This is my very first attempt at painting a rose. And you will notice that I have used a large dollop of artistic license with the colour. It measures 7″ x 10″, which also makes it the largest watercolour painting I’ve done to date – I’m getting adventurous…. haha!
I’ve wanted to paint some roses for a while now but haven’t felt confident enough to do it. But last week a friend bought me a bunch of roses, and it seemed like the perfect opportunity to have a go. I started off by doing a pencil sketch first. I’ve tried drawing roses before and made a complete pigs ear of it but this time I actually made quite a good job of of the drawing. I guess practice pays off….
I told myself “if I can draw it, I can paint it… “. I didn’t paint my drawing, I’ve left it in my sketchbook. I got my watercolour paper out and based on my sketch, I drew faint pencil outlines of the rose on my watercolour paper to use as a guide. Then it was just a case of letting the painting begin….
I know in reality blue roses don’t exist but I think it’s high time someone produced a hybrid…. ! The colours for my rose were Cerulean Blue, Phthalo Blue and Chinese White and the stem and leaves were Prussian Blue, Raw Sienna and a touch of Sap Green.
My rose watercolour isn’t perfect by any means but I’m quite pleased with how it turned out. I’m going to paint more roses but probably in slightly more traditional colours….
A collection of vintage blue and rusty coloured treasures from around my work room. Vintage dyed fabrics, a piece of dyed string, a vintage blue pressed hydrangea flower, a rusty coloured dried pressed rose, a rusty ring pull from a can – all on a vintage blue textured background. I painted the background paper with acrylic paints.
All these lovely things I collect inspire me and I will eventually use them in art work when the right project comes along. And I will then replace them with other lovely things… !
I’ve called this “A Winter Rose” – it’s mixed media on paper, 10 cm x 7.5 cm. I actually used real rose petals in this that I had dried quite a long time ago and saved. I stuck them on with acrylic gel and when dry I went over them with and acrylic glaze tinted with garnet coloured pearl mica. They are now perfectly preserved on my art work!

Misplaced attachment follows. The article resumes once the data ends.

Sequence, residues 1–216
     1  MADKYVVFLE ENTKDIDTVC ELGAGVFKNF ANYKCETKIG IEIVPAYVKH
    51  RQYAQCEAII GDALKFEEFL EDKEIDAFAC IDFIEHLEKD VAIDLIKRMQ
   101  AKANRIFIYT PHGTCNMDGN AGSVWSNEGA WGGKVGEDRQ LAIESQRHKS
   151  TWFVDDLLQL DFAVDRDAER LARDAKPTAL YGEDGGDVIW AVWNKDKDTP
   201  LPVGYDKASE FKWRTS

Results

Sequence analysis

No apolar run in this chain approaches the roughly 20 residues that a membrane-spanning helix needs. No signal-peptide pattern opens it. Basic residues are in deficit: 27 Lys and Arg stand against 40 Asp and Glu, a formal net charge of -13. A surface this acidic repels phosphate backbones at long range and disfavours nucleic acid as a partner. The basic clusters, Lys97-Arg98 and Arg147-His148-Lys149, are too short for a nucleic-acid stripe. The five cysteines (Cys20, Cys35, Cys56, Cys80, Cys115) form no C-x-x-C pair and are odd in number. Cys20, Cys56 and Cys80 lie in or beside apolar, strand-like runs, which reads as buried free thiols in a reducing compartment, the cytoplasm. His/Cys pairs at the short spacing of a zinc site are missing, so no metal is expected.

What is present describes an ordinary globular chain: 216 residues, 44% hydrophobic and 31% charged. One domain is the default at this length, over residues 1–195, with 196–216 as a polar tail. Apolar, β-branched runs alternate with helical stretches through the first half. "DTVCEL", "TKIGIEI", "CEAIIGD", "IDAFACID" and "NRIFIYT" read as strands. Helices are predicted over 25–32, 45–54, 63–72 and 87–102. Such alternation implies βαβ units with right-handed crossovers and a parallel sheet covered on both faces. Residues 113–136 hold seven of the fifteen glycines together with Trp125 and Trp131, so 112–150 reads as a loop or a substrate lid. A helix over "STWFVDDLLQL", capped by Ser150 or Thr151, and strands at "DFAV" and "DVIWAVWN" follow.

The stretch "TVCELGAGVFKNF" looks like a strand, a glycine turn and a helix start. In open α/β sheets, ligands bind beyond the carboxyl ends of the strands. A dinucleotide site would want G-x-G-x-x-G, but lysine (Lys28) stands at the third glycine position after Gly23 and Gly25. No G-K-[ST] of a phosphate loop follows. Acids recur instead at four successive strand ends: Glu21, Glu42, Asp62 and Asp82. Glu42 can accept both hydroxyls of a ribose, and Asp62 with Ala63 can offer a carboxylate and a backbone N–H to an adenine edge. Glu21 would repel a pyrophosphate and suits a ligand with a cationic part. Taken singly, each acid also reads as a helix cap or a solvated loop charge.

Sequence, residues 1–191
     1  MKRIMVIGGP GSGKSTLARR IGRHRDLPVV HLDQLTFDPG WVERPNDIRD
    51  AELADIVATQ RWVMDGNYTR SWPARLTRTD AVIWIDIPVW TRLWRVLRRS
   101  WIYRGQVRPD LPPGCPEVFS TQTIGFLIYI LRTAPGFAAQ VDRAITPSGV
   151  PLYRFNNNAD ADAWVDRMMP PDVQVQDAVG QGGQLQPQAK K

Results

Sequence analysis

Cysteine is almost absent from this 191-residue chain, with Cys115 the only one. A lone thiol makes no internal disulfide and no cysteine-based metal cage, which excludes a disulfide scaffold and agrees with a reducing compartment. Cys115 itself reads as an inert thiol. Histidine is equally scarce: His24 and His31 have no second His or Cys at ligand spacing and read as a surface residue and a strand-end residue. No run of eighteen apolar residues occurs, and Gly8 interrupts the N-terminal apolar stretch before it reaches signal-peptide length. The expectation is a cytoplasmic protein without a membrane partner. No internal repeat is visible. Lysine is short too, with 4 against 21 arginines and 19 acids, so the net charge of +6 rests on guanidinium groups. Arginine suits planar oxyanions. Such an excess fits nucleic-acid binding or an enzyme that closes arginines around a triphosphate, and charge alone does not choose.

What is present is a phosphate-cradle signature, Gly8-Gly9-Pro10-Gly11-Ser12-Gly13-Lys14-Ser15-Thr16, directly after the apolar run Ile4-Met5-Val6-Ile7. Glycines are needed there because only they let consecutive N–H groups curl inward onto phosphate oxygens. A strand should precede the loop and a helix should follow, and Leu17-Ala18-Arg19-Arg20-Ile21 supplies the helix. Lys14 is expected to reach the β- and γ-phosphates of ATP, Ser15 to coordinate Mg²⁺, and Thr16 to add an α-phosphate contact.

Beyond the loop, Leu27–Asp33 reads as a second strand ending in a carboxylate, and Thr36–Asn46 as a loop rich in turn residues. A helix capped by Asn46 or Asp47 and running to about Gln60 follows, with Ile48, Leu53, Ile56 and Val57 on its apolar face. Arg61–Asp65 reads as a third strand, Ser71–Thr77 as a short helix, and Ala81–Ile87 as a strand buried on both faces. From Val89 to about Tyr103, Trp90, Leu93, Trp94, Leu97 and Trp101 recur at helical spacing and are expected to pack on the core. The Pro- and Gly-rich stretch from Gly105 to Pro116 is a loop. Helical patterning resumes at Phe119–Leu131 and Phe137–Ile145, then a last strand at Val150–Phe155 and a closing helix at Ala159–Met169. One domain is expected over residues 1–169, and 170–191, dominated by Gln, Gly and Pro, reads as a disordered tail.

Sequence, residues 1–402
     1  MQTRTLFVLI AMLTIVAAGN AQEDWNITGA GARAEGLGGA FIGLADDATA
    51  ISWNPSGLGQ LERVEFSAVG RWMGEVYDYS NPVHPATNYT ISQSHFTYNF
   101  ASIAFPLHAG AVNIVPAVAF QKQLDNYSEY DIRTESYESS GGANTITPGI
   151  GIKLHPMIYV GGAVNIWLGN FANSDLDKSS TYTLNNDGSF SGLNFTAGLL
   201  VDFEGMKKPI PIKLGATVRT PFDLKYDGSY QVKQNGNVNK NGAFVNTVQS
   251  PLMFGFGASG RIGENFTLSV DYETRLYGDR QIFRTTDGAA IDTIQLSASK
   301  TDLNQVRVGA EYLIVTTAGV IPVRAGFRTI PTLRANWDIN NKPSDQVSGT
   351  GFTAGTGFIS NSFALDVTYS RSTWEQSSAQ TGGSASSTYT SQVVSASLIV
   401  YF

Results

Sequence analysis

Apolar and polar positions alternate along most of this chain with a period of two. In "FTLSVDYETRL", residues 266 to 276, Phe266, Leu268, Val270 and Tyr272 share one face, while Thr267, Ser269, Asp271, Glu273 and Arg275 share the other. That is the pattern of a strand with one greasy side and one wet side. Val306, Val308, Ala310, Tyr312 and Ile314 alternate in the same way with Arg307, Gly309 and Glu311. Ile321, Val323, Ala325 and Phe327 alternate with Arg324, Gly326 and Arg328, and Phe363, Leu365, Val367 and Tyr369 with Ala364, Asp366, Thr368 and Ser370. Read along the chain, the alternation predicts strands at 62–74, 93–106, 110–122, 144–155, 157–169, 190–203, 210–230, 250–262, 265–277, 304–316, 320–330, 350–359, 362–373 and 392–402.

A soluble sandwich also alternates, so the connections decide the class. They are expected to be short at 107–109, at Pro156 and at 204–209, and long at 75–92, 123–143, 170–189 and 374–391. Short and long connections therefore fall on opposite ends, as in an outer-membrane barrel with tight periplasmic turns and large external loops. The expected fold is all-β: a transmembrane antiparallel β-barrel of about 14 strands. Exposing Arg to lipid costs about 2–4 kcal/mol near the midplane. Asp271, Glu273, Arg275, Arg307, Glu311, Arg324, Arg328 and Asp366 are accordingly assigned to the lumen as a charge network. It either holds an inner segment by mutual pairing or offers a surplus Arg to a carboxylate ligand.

How my winter rose looks in my collaged sketchbook:
The following two pieces of art I have collectively called “Harbour Lights” as the sequins remind me of the lights round Mousehole harbour (Cornwall, UK):
The red and gold work well together on the vintage collage paper background. Both are mixed media on paper and they measure 10 cm x 15 cm and 11 cm x 15 cm respectively. They have both been stuck in my collaged sketchbook.
The rose above is from a bunch of roses I dried myself, so that I can keep them as photographic props! When they’re dried they have a lovely vintage look and will keep forever. Drying the roses is very easy to do:
1. Buy a bunch of roses or cut them from the garden – I use ones that are only just opened…
2. Don’t bother putting them in water – cut the stems to your preferred length and remove all the leaves.
3. Cut a fairly long piece of string – bunch the roses together carefully so as not to squash them and tie the stems together with the string. The string needs to be quite long so you can then use it to hang the roses upside down somewhere. Then just leave them for about 2-3 weeks until dried.
4. Once they are dried they are quite papery to touch so they need handling with care but they will keep forever and you can do whatever you wish with them – they’re great for photographs and also look lovely on display in a vase…
Today I uploaded a rose image to Flickr which you can view here
Then I decided it might look good with a square crop. So I cropped it and then did three different versions of the same original rose photo. All of them have textures from Texture Time FREE TEXTURES for creative effect. It was a creative impulse really…